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Using Common Sense: Parenting tips for managing kids’ screen time

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At a crowded Mexican restaurant in north Phoenix recently, my husband and I were seated between two lovely families — one with three kids who looked to be about ages 4, 7 and 10. The other family was a couple with an adorable 4-year-old, who was a bit cranky. It became quickly evident which family had a better handle on managing screen time.

The youngest child in the family of five was coloring on a placemat, while the two older girls were carrying on a conversation with their parents. None of them were on iPads or mobile phones. At the other table, the 4-year-old was listening to something blaring on dad’s phone, which he grabbed from her and answered each time it rang. Crankiness turned into a tantrum. Mom was texting.

Now, to be sure, there’s a lot I don’t know about the dynamics of each family. But what I do know is that we all probably see a lot more of the second scenario. To that end, I took a rather unscientific poll of parents I know to understand their best practices and biggest challenges for managing technology.

Gilbert resident Jackie Wright, who owns a Scottsdale marketing and public relations company, says for her kids, screen time has to be earned by doing chores or acing other responsibilities. Her son is allowed 1.5 hours a day on devices.

Jo Pullen, a Phoenix mother of two, makes sure kids — and parents — don’t wind down the night on screens.

“All screens (are) off in our house 1.5-2 hours before bedtime — including mom and dad, because that’s a really hands-on time of day,” says Pullen. “We let the kids watch cartoons in the morning, because we were raised watching cartoons in the mornings if we woke up before our parents, and we turned out OK.”

Charlotte Shaff, a Valley business owner and mom of two boys, says the hardest part of managing screen time is dealing with how differently other parents police devices.

“You know what is the hardest to deal with? Other kids and their screens,” says Shaff. “My boys go to other kids’ houses, and their friends have all the games and full access to a lot more than what we allow. Or, when we go to dinner with other families, and their kids are on a smartphone, my kids are begging to use my phone to play with them, too. I think that is something that is not discussed a lot and is hard to manage as a parent.”

Unfortunately, there isn’t a one-size-fits-all solution to managing technology. But there are ways to support using media and tech in healthy, productive and responsible ways. Overall, parents need to feel empowered to set limits on screens of all sizes. Depending on your family, these rules can be as simple as banning phones from the dinner table or eliminating texting after 8 p.m.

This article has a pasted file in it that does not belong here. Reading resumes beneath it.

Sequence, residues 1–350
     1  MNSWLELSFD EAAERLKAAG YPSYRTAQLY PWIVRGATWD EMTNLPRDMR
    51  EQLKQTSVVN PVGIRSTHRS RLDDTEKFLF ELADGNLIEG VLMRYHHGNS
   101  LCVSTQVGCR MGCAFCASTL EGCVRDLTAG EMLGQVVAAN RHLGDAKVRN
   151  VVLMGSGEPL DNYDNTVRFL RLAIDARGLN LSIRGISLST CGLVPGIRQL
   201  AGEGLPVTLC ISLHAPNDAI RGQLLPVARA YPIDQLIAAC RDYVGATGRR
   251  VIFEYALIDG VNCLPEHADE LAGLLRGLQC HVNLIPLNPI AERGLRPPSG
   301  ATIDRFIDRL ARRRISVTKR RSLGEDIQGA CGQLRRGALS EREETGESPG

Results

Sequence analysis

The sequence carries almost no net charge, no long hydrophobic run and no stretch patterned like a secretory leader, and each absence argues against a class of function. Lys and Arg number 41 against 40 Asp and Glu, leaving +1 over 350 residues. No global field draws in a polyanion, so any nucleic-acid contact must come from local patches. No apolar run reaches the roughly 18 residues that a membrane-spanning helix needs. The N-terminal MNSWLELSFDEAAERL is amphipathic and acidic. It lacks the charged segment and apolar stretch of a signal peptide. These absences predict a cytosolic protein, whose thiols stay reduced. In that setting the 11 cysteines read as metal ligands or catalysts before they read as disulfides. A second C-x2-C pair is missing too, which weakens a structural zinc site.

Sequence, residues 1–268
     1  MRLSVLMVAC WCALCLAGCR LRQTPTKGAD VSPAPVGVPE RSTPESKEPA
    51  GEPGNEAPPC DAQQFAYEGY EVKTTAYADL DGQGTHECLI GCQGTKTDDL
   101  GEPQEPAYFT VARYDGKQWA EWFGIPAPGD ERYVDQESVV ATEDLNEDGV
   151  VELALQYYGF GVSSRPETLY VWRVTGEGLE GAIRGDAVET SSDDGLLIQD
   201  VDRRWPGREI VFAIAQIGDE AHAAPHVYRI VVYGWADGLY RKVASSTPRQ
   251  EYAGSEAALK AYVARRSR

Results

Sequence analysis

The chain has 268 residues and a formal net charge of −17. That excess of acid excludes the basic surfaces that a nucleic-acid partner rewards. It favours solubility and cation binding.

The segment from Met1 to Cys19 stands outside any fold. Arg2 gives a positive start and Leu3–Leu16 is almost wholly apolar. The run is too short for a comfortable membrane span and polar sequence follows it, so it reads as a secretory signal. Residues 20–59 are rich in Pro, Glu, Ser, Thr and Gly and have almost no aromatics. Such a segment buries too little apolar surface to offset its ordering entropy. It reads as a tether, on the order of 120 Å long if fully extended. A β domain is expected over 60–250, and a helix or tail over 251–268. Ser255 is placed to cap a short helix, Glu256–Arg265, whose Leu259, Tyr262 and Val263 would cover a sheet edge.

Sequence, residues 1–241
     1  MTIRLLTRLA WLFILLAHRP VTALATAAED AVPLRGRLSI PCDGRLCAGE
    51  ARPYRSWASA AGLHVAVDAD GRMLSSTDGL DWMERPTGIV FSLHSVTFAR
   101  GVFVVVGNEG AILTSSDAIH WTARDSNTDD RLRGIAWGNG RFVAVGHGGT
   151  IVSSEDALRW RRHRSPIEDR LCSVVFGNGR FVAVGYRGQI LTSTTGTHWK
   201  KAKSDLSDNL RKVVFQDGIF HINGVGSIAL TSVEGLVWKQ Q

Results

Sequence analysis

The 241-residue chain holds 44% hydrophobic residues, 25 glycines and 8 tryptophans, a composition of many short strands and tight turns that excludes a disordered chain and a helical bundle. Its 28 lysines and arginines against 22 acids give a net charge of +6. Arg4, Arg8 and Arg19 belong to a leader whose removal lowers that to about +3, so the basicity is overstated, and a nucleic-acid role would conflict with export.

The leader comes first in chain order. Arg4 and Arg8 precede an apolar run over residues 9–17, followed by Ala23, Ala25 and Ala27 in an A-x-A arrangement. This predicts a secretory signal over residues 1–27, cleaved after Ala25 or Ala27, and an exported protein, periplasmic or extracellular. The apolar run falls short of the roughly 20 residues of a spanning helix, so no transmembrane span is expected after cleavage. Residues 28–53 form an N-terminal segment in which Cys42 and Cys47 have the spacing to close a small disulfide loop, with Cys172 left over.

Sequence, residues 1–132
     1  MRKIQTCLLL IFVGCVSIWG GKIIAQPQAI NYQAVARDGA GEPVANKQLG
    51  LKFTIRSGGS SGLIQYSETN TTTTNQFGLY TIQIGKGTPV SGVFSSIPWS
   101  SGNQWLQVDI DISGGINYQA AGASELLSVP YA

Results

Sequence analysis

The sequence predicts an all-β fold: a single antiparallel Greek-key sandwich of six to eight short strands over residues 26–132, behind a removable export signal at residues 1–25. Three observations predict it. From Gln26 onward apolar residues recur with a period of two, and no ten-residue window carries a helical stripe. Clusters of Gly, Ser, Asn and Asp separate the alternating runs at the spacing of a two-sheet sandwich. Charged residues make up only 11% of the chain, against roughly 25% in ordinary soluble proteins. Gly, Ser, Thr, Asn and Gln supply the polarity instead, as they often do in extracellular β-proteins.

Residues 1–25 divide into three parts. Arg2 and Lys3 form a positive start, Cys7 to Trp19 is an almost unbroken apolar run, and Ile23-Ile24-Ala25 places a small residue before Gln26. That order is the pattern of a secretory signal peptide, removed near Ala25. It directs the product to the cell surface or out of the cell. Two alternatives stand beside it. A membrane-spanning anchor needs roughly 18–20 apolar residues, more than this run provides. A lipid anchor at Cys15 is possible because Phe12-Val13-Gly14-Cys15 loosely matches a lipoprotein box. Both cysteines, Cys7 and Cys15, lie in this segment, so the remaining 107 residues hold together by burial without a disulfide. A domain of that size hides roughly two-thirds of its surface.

Here are a few tips for managing family screen time:

  • Work toward a weekly balance. Instead of counting daily screen-time minutes, aim for a balance throughout the week. Get your kids to help plan a week that includes things they have to do — homework, reading, chores and activities — and stuff they like to do, such as TV or gaming. Common Sense Media’s Family Media Agreement can help set limits on behavior.
  • Help your kids learn to self regulate. Two things make it really hard for kids to get off their devices. First, they’re kids, which means they’re not great at self-regulating. And second, games, apps, social media and even streaming services are all designed to keep them hooked as long as possible. The path to independently managing their time is going to be rocky. Use tech such as screen-time settings and parental controls to help your kids gain the skills they need to draw limits. (Sometimes you may need a blunt-force tool, such as turning off the internet.) If they prove they’re good at sticking to limits, ease off a bit. If they falter, stay firm.
  • Help kids reduce multitasking. Common Sense Media’s research shows tweens and teens think multitasking has no impact on the quality of their homework. But helping kids stay focused will strengthen both their interpersonal skills and school performance. Encourage them to manage one task at a time, shutting down social media while working on homework, etc.
  • Have a family movie night. From on-demand to streaming to regular old broadcast TV, the options for enjoying movies together are endless. Family togetherness offers lots of opportunities to seize on teachable moments that come up during shows — current issues, character strengths and flaws and more. Common Sense Media’s movie and TV reviews offer talking points to get the conversation rolling.
  • Walk the walk. Lead by example by putting away your own devices during family time. Show kids the behaviors and values you want in your home. Kids will be more open and willing participants when the house rules apply to you, too.

Just remember, adopting new habits takes time. Focus on what’s most important, work together to get the most out of media and technology, and set a goal to raise kids with a healthy, balanced relationship with screens.

“Using Common Sense” is an exclusive column written monthly by Ilana Lowery for Raising Arizona Kids readers!

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Kara G. Morrison
Kara G. Morrison
Kara G. Morrison is the editor of Raising Arizona Kids and the mother of Sofia (8).

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